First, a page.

What’s stopping you? This is a question that I have been asking myself a lot lately. What things, mindsets, people, and excuses are getting in my way and preventing further success? As I have shared in previous articles, busyness has been a huge distraction for me and I have worked hard over the last few months to step back, relax, and reevaluate where I am and where I want to go. As clarity starts to settle back into my mind, I now find myself stuck with a different problem: how do I start moving forward again?
I have been pondering that question for some time with few results. Recently, I realized that I was asking the wrong question. I needed to first figure out what was stopping me. Was it a lack of confidence, motivation, or no direction? Was I fearful or still too sick? What things do I need to remove from my life so that I can move forward?
In my career as a consultant and a professor, I have coached many people in the same place, so I figure it is time to start taking some of my own advice. This is actually harder than it sounds. It is easy to hand out directions when you’re not the one lost. As I think back and study what most people who are stuck have complained about, I think that there are some consistencies and patterns that we can all learn from.
At the risk of oversimplifying all of our own unique situations, there are three common roadblocks that keep many of us stuck:
Unrealistic expectations. We tend to judge our own success by what we see in others. We see the people who have “made it to the top” and set our own expectations too high. Sure, there is nothing wrong with striving to be the best we can be and hoping to one day join the ranks of the elite in our industries. But, what we have to remember is that success does not happen overnight. We look at the people we want to emulate, then look at ourselves, and give up before we ever get started. Why? Because the gap between what we want and where we are is too big.
The truth is that most really successful people did not set out to be the biggest, richest, or most notable people in their field. They simply set out doing what they loved. Success for them was found in every day that they got to follow their passions. Eventually, this led to greatness, but that was never their goal. In fact, I would say that it is an unattainable goal. If greatness is all we want, we will always look for shortcuts and corners to cut to get there quickly. Naturally, these shortcuts actually get in the way of our success. We fail trying to jump the gun, rather than simply enjoying the journey and taking our time to do things the right way, the long way, and yes, even the hard way.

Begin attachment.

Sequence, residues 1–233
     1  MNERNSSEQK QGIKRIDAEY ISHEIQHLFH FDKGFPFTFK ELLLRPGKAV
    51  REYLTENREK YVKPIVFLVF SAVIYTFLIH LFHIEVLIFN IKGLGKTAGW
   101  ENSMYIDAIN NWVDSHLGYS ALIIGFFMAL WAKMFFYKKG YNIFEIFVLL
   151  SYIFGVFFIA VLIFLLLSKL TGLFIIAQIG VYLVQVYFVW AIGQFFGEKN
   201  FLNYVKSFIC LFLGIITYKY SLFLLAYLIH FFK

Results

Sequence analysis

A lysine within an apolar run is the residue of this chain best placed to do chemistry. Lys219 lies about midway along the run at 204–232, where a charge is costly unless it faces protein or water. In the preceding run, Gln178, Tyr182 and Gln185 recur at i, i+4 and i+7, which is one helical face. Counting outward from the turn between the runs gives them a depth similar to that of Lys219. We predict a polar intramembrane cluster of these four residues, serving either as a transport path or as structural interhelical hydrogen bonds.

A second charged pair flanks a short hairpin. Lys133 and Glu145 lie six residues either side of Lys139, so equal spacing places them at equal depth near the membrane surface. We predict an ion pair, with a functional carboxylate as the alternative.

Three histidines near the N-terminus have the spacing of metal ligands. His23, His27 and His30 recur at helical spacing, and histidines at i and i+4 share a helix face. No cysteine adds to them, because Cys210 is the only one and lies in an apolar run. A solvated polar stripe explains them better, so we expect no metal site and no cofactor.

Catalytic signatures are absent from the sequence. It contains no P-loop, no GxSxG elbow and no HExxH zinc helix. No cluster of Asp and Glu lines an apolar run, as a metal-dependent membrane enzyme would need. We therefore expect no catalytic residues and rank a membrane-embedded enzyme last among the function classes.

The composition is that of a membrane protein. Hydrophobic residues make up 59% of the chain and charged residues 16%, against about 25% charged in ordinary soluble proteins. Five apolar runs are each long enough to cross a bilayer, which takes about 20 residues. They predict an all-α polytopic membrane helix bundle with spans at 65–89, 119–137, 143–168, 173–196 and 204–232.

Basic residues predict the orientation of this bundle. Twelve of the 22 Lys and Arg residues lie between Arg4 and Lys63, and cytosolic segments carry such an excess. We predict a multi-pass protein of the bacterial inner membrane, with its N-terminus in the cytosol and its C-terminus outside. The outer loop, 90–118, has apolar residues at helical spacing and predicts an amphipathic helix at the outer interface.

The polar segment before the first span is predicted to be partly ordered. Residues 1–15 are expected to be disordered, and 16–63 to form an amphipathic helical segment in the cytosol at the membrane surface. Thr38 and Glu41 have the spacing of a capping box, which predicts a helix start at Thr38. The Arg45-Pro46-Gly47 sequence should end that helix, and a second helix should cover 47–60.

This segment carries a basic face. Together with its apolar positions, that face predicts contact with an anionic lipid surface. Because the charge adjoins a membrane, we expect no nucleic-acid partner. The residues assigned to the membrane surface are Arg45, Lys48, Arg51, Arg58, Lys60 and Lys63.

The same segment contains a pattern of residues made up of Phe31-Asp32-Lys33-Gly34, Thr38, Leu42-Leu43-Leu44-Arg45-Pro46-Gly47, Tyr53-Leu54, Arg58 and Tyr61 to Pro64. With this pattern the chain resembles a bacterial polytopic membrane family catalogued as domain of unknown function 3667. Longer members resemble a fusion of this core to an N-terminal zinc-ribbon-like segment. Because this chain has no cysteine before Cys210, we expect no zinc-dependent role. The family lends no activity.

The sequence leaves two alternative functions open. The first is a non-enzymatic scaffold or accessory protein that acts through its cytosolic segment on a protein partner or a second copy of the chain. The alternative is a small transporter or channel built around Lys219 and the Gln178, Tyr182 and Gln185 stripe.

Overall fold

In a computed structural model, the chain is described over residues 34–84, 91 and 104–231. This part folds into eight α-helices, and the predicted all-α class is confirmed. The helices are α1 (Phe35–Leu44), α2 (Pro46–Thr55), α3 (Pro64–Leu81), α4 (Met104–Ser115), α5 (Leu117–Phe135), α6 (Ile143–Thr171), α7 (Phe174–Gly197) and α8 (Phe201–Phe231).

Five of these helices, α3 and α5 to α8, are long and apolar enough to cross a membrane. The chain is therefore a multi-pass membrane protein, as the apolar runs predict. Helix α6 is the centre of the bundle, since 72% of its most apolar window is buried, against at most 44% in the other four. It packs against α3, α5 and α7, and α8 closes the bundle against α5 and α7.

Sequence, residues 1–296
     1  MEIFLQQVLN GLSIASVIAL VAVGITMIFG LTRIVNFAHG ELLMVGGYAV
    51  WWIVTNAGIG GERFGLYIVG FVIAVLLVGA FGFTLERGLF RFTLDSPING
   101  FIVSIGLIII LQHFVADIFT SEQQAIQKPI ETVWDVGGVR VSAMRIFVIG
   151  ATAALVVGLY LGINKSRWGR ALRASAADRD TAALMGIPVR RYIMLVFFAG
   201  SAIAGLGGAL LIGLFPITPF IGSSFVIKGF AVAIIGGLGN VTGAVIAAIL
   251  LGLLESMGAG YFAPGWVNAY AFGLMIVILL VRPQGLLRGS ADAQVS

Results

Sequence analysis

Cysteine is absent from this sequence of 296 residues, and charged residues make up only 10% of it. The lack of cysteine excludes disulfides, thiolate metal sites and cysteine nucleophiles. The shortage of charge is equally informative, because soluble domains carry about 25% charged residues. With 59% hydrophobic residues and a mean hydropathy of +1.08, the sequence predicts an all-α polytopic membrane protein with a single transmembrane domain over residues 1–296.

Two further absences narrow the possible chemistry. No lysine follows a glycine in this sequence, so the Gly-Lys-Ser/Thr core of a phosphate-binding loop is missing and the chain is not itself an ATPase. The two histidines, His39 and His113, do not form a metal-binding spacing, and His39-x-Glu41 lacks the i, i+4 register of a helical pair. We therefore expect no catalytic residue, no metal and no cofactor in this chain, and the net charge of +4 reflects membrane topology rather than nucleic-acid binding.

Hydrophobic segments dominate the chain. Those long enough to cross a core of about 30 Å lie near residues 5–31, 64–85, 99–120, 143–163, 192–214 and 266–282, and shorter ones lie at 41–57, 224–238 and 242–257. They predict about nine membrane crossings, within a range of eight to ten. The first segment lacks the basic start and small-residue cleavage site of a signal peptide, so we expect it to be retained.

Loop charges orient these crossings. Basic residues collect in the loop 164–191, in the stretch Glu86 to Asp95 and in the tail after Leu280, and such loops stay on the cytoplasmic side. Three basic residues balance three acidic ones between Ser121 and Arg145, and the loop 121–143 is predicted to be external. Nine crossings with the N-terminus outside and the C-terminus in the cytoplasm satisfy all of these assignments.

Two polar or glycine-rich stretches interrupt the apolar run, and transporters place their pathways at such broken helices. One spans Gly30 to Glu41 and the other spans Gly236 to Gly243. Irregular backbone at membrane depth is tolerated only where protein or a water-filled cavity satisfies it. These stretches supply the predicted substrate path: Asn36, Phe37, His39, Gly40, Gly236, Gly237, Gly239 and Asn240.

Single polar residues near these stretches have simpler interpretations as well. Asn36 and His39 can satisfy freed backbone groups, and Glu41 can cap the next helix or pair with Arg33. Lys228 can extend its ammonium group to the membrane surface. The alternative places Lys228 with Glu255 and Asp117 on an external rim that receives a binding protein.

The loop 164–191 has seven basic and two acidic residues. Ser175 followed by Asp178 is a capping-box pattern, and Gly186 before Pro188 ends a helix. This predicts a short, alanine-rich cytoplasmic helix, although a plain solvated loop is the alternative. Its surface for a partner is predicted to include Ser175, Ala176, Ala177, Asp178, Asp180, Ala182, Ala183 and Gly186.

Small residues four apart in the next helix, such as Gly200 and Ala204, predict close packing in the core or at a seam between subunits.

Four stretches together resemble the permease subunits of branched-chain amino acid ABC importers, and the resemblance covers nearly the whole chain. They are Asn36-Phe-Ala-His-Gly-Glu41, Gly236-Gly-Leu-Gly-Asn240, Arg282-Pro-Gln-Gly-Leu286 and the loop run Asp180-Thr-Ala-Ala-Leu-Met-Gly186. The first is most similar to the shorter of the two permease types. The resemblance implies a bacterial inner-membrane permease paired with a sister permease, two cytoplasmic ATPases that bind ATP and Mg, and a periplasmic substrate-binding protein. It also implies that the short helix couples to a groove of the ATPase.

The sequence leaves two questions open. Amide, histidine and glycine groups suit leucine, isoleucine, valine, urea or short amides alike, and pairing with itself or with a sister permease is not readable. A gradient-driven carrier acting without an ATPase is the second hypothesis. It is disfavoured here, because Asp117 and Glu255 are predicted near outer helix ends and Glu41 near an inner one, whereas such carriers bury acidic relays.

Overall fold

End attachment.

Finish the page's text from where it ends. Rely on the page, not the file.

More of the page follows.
Sense of Entitlement. OK, this is a tough one to hear, but many of the people I talk with who feel stuck have a huge sense of entitlement. They are frustrated because they were passed over for the promotion, the new job, or whatever the case may be. They feel robbed of their success and ignored by the world. It is not that we are undeserving or even unqualified, but the mere fact that we keep ourselves worked up and angry about our lot in life distracts us from seeing the opportunities that others are grabbing onto. Also, let’s face it: life is just not fair. The sooner we realize that the sooner we can move on. Some people who don’t deserve success stumble into it, while others who deserve it get lost in the shuffle. This does not make it right, but it is a fact of life. We can be angry about it or we can pull ourselves up and make sure that no matter what, we are always putting our best foot forward so that we are prepared and ready to grab the next big opportunity that crosses our path.
Hanging Around the Wrong People. Misery loves company and it is interesting to me that successful people seem to have successful friends, and those who seem stuck share beers and stories of woe with others in the same lot. Negativity never breeds success and if all we are doing is spending time with people who complain and grumble about their lives, it will affect our own outlook. Success comes from finding solutions, not from pointing out problems. So, it may be time for us to find different groups of people to call friends and colleagues, people who are willing to venture past excuses and disappointments, instead of exploring the world of possibilities and new ideas.
Like I said above, these three things may oversimplify the issue of feeling stuck in life, but these are at least a few of the bigger and most common points I have observed. What other things hold you or others back?